The inaugural class of 10 Under 20 Food Heroes honorees, in no specific order, are:
Elise Simokat, Hurricane, West Virginia - Age 1 3 – Founder, Box to Belly Challenge
- Elise Simokat delivered holiday meals to students who are part of the Backpack Buddy program. Backpack Buddy provides nonperishable food and meals for students who may otherwise not have a full meal during the weekend. Simokat's goal was to expand the food offerings to make sure no student went hungry and would have warm food options during long holiday breaks.
- Simokat visited every Putnam County school and a few schools in Kanawha, totaling around 24 schools. She was able to provide and deliver approximately 2,100 meals to students by raising money for meals via social media platforms like Facebook. She also received a donation of 1,000 HORMEL COMPLEATS meals from Hormel Foods Corp. The company has since donated more than 2,000 additional meals to her and held a meal-packing event at a recent leadership meeting.
Grace Callwood, Hartford County, Maryland - Age 16 - We Cancerve
- Getting a diagnosis of cancer is perhaps one of the hardest things for anyone to hear. Hearing those words as a 7-year-old is unfathomable, but this was the reality for Grace Callwood when she was diagnosed with non-Hodgkin's lymphoma.
- In 2012, she started the We Cancerve Movement, a nonprofit that brings happiness and fun to children in hospitals, foster care and homeless shelters in and around Aberdeen, Maryland. At the age of 10, she even created a summer day camp for homeless children.
- Today, she is a healthy and inspiring young leader who decided to create an organization focused on helping vulnerable children – those experiencing homelessness or illness, and those in foster care. Now 16, she runs the organization with an all-youth board of advisors to bring food, toys and literacy to thousands of vulnerable young people.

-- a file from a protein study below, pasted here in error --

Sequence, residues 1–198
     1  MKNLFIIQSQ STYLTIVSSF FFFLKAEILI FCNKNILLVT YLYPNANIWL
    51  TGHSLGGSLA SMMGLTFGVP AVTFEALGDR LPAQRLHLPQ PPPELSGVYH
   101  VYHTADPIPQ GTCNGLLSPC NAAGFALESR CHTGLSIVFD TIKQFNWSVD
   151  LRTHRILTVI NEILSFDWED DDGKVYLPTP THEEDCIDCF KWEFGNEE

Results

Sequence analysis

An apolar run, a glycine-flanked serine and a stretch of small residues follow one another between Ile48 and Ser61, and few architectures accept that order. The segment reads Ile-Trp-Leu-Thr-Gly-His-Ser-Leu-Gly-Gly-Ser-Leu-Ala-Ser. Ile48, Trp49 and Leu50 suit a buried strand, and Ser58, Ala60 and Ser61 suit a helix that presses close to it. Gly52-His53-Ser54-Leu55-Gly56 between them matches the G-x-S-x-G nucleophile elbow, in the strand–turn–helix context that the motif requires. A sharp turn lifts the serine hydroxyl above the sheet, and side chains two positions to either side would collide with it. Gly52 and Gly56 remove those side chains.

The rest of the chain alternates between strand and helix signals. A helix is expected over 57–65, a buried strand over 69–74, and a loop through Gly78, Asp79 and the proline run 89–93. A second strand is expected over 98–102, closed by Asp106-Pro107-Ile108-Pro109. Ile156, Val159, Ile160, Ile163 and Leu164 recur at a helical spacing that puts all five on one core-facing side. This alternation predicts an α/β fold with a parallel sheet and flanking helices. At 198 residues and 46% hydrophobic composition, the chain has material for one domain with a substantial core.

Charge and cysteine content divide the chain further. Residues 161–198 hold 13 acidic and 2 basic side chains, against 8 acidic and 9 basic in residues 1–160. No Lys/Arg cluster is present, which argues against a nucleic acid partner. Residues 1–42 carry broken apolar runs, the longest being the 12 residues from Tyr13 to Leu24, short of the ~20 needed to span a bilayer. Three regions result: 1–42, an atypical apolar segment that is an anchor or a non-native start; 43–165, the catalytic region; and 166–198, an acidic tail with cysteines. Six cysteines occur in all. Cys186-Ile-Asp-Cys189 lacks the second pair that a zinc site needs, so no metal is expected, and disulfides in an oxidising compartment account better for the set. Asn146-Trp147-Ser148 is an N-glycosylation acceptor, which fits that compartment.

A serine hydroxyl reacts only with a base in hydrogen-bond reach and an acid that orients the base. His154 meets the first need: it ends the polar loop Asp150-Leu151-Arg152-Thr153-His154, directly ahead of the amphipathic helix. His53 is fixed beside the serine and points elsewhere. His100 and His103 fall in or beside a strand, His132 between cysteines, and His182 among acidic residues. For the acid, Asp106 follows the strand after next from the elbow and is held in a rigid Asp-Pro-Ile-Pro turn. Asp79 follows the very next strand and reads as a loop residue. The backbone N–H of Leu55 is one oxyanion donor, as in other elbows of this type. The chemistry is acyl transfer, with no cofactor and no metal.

Liam Hannon, Cambridge, Massachusetts – Age 13 - Lunches of Love
- Liam Hannon lives down the street from Harvard University, which is fitting, given the fact that his compassion for others is something that can serve as a lesson to all.
- He decided to skip summer camp to make a difference by creating lunches to give out to the homeless in Cambridge.
- To date, he has given away more than 10,000 meals and has flown around the country spreading good will.
Mikaila Ulmer, Austin, Texas - Age 15 – Founder, Me & the Bees
- After learning about how much bees do for the environment and how they're dying out, 4-year-old Mikaila Ulmer decided to take action by joining a local children's-business competition.
- Her product is a family lemonade recipe sweetened with locally produced honey, with a portion of the sales going to organizations fighting to save the honeybee population.
- Thanks to a deal on "Shark Tank," over the past decade, Mikaila has sold more than 1 million bottles of Me & the Bees Lemonade across 1,000 stores in the U.S., including Whole Foods and Macy's.
Adam Fellows, Sherrill, New York – Age 19 - Food Pantry Sherrill
- For his high school senior project, Adam Fellows was focused on collecting food for his local food pantry, but there was a slight problem. The food pantry was closed.
- To combat this issue, Fellows decided to build a food pantry in Sherrill, New York, after the original one closed down and the community was not being served.
Kiki Hardee, Vista, California – Age 6 – Kiki's Kindness Project: School Lunch Debt